(Canada, 82 min.)
Dir. Ric Esther Bienstock
Programme: Canadian Spectrum (North American Premiere)
|Mary Jo Vradis, on dialysis for nine years. Associated Producers Ltd.|
What constitutes a crime? Stealing? Hurting someone? Killing another person? Saving another human? The first three are easy no-brainers. They’re mostly black and white laws with well-known clauses and punishments. The fourth charge, however, doesn’t seem like a reason to go to the slammer. Human beings are good by nature (I say that as a naïve overgeneralization) and it’s easy to suppose that helping out and doing a good deed should be met with a reward and not with a punishment.
Ric Esther Bienstock’s provocative new film Tales from the Organ Trade is a bold investigative documentary that reconstructs the anatomy of a black market operation by following the organ trail from a recipient in Toronto to his middleman in Israel to his doctor hiding out in Turkey and to his donor in Moldova. Intercut throughout the procedure are interviews with other parties on different sides of the organ debate. An Interpol investigator uses the film’s controversial case as a lynchpin for the moral corruption of black market organ dealing; however, Mary Jo, a woman in Toronto, has put up with years of dialysis and explains the daily struggle of living with kidney failure when the health care system has an endless waiting list for transplants but few incentives for live donors. William, a man in Denver, likewise, debates turning to the black market as a last resort. Overseas in Manila, finally, Tales from the Organ Trade follows an “organ broker” who lets her neighbours escape poverty by allowing surgeons to cut them open and harvest a part of their bodies.
Tales from the Organ Trade makes it difficult to condemn either party because Bienstock makes clear the sense of desperation on both sides of the exchange. It’s literally a matter of life and death for the party in need of a transplant, and the donors portrayed in the film are reaching a point of abject poverty that requires a drastic solution. The sense of exploitation is an element that the participants all seem to acknowledge, but hope to see removed by government intervention for compensating donors. Similarly, by legalizing compensation, the organ trade lessens the gap between those who can afford treatment and those who cannot. (Surely, the savings on the cost of dialysis could offset compensation?) This element is underscored finely in William’s story, as his daughter declines to donate a kidney to her father even though she is an acceptable match. She simply doesn’t like the thought of giving up possession of a part of her body. “I’ve made a decision not to help,” she says.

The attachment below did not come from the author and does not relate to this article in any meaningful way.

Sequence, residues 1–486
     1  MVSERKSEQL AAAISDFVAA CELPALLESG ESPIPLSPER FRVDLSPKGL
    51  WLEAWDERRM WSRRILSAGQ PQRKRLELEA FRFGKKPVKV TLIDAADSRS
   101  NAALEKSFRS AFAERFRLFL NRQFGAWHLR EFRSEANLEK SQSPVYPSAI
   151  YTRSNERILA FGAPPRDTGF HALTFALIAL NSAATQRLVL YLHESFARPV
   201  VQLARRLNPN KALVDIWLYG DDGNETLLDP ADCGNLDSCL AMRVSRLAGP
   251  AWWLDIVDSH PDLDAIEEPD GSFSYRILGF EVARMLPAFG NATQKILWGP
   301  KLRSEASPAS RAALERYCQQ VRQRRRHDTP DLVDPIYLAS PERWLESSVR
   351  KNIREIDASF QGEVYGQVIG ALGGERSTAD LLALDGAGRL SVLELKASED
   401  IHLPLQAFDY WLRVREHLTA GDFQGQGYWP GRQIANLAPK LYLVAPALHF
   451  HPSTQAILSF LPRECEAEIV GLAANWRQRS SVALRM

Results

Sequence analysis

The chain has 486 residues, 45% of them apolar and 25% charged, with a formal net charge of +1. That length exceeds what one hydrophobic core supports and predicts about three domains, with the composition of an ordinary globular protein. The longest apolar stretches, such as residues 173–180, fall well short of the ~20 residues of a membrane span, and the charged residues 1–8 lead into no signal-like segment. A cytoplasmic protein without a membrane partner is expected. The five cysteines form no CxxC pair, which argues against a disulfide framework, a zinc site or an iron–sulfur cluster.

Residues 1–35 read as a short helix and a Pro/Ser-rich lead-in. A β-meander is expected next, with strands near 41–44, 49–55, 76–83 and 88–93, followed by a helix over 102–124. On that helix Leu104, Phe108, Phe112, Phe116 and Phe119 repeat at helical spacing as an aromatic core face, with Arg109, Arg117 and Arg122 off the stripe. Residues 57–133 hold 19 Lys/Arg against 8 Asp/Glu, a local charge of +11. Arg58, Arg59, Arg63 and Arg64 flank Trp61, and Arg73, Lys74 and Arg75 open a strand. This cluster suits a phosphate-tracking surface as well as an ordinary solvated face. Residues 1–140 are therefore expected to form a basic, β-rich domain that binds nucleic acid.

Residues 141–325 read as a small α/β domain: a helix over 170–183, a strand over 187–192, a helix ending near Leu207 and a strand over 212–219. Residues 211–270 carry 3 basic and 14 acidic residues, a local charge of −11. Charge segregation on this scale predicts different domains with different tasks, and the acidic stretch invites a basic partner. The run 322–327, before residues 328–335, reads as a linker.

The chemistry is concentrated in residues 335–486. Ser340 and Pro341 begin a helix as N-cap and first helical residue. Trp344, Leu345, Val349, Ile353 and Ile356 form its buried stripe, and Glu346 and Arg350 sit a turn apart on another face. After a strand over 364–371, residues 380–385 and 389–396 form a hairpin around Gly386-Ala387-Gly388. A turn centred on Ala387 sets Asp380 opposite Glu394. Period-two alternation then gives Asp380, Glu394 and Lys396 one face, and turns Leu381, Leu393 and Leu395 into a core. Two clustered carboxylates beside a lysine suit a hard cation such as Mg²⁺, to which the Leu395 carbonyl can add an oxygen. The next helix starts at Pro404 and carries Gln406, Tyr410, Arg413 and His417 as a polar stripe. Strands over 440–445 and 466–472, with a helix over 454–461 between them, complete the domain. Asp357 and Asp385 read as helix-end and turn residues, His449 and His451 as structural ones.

If a lack of alternative presents itself in a situation with a declining time frame, then it’s only natural that people will turn to Option B. “If the system fails us,” says Mary Jo’s husband, Jim, “this is the by-product.” As the production team travels the globe and follows the intricate web of the controversial case, the film becomes less comfortable with allowing its audience to judge the parties on either side of the operation. Black market organ dealing isn’t exactly a victimless crime, but it’s hard to find an element of guilt when the donor, the recipient, and the doctor all testify that they participated in a consensual and mutually beneficial exchange. Fears that donors are being coerced and exploited are understandable (we’ve all seen Dirty Pretty Things), but, as Robert, the Toronto recipient, rationalizes on the $100 000 he spent to save his life, “Maybe it saved another person’s life. I can never profess to know.”
This smart, solidly produced film is sure to make viewers uncomfortable as it elides all possibility for easy answers. Tales from the Organ Trade raises the discomfort even further by having the story narrated by David Cronenberg, the godfather of cinematic body horror behind shocking and profound films such as Videodrome and Dead Ringers. Cronenberg’s voice, articulate and intelligent, narrates the tales from the organ trade as nonchalantly and matter-of-factly as possible. By presenting compensated organ donation as a viable alternative to the black market, the dicey predicament of Bienstock’s film takes Videodrome’s mantra of “Long live the new flesh!” to a whole other level.
Tales from the Organ Trade looks at the criminal web of organ trafficking, but the film doesn’t allow for an easy verdict. On one level, black market organ dealing is a simple business of supply and demand: there is a worldwide shortage of organs and a surplus of people in need of transplants, plus a complementary surplus of people in poverty forced to a point of financial necessity. Tales from the Organ Trade asks some profoundly complex moral and philosophical questions. Hung juries are bound to deliberate the film’s conundrums for hours and look at their friends—and themselves—in a different light when debating the concept of a crime that exists primarily on the level of morals and social norms.
Rating: ★★★★ (out of ★★★★★)
Tales from the Organ Trade screens:
Sunday, April 28 – 7:00 pm at the Isabel Bader
Monday, April 29 – 1:00 pm at TIFF Bell Lightbox
Thursday, May 2 – 4:00 pm at the Cineplex Scotiabank
Please visit www.hotdocs.ca for more info on films, tickets, and show times.